Help! Can someone assist with this odd problem?

I have looked through the various FAQs, troubleshooting suggestions, etc. and can’t seem to find anyone who has had my problem.

I made a one-hour recording and forgot to shut off the record button. Audacity apparently continued to operate in recording mode for more than 30 hours until I hit the stop button. I am now trying to recover the one-hour recording and delete the rest. Unfortunately, I cannot do anything. I tried deleting from the one-hour mark forward, and nothing happened. I tried deleting small chunks, and I cannot do that. I tried various ways to save the first hour. I tried cutting and pasting it, etc., etc. Absolutely nothing works. In fact, very few menu options are open to me.

Any suggestions? Or, do I simply need to abort the program and lose the one-hour recording (which I need)?

I am using Audacity 2.0.3 on Windows.

I believe the older Audacities would go to 13 hours and then start over. Can you hear the first hour? Can you drag-select it? If you can, File > Export Selected.

If you can hear it and nothing else works, take steps to record the computer playback on Something Else like your cellphone Personal Recorder. If this is a critical, high quality performance, then that’s not going to work. But then, if this was critical, you wouldn’t have fallen asleep.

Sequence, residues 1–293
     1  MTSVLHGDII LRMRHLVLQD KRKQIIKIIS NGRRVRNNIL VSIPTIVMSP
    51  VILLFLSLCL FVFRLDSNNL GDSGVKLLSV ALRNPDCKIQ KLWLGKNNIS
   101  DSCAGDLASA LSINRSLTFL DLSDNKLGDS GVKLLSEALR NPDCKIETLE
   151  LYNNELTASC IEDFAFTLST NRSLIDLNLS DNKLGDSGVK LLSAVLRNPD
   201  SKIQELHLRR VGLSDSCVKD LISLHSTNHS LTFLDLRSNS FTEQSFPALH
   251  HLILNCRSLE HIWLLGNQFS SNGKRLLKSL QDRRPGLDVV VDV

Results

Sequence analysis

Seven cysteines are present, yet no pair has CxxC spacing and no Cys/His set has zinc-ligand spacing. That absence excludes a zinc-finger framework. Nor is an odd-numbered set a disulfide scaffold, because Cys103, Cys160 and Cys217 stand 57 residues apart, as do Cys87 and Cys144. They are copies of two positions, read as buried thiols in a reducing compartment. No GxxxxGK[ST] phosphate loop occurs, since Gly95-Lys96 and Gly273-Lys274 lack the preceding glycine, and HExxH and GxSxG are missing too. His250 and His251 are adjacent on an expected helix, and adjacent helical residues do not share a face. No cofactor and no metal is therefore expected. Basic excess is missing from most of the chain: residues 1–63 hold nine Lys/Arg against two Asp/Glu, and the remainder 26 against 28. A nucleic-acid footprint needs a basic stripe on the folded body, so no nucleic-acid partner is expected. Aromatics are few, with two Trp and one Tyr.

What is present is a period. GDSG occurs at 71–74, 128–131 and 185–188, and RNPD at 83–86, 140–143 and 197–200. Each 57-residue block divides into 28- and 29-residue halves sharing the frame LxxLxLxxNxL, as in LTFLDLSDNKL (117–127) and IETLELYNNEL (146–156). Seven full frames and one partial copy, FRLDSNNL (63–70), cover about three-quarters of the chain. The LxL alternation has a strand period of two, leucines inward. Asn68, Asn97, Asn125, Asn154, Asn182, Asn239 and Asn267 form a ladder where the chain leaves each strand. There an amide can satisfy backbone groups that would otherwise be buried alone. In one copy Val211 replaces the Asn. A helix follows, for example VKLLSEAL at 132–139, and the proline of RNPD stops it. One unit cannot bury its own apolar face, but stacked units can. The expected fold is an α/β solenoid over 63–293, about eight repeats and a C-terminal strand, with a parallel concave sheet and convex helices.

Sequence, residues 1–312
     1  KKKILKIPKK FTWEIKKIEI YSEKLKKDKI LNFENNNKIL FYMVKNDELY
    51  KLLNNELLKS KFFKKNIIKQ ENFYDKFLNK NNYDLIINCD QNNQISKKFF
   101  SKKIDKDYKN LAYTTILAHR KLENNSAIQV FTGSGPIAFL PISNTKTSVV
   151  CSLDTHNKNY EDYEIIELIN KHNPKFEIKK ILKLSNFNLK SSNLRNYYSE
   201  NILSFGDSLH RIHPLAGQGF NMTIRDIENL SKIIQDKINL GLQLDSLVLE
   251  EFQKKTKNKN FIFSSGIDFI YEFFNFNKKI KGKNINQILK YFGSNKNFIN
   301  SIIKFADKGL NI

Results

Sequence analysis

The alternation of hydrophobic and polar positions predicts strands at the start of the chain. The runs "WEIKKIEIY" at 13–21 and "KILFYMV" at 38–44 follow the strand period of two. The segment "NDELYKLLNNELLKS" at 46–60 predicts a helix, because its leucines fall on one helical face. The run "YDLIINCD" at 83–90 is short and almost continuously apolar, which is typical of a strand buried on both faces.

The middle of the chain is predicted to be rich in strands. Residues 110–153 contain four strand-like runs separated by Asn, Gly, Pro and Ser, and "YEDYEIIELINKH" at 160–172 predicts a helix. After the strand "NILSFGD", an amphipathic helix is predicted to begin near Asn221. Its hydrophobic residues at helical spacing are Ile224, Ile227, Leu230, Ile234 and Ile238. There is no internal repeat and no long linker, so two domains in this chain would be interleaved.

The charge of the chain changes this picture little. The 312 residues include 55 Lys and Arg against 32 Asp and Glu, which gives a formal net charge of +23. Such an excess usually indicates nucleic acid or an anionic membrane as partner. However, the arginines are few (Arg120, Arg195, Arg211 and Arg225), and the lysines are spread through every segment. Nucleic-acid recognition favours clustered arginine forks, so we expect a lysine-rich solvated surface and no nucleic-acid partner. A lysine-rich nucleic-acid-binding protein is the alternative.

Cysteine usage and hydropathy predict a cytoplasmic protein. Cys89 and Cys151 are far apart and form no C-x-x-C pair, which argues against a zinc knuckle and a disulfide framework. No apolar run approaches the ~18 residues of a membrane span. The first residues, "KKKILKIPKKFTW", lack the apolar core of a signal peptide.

I can see the sound waves of the first hour. When I hit play, nothing happens, so I cannot record it on my handheld recorder. The cursor bar keeps flashing, no matter where I put it.

I cannot “drag-select” the audio. I tried that many times. I can select portions of the audio. They become shaded, but I can do nothing with them.

The export button is grayed out – as are all the options under “File,” with the exception of “Recent Files,” “Import,” and “Exit.” Under the “Edit” menu option, several “Select” options are black, but I don’t seem to be able to do anything with them.

p.s. - I did not fall asleep. I simply neglected to export the file immediately. I didn’t shut down the computer, so I never realized Audacity was still recording in the background.

I can see the sound waves of the first hour.

Doesn’t count. The blue waves come from a graphic file. You have no show.


This is not a “show.” This is a conversation – and there are huge stretches of nothing (as in no waves) on this recording.

This is not a “show.”

That’s a metaphor. Whatever you’re doing isn’t there. At the 13 hour mark (assuming default Audacity sound quality settings) Audacity will have started to step on or destroy the old recording with new sound. It will do that every 13 hours assuming the program doesn’t crash. Old Audacity had a limit to the amount of file structure it would manage. It runs out at just over 13 hours.

Too many people had this problem, so the new Audacity versions have much higher limits.


Thanks. I see what you’re saying. But, why can’t I recover even the gibberish of the last 13 hours? I can’t recover anything. I can’t play anything.

Is your hard drive full?

But, why can’t I recover even the gibberish of the last 13 hours?

Audacity is not a multi-national corporation with crack engineering teams in Silicon Valley, Silicon Beach, and Lucerne. It’s a rag-tag collection of volunteers pulling together a sound editor.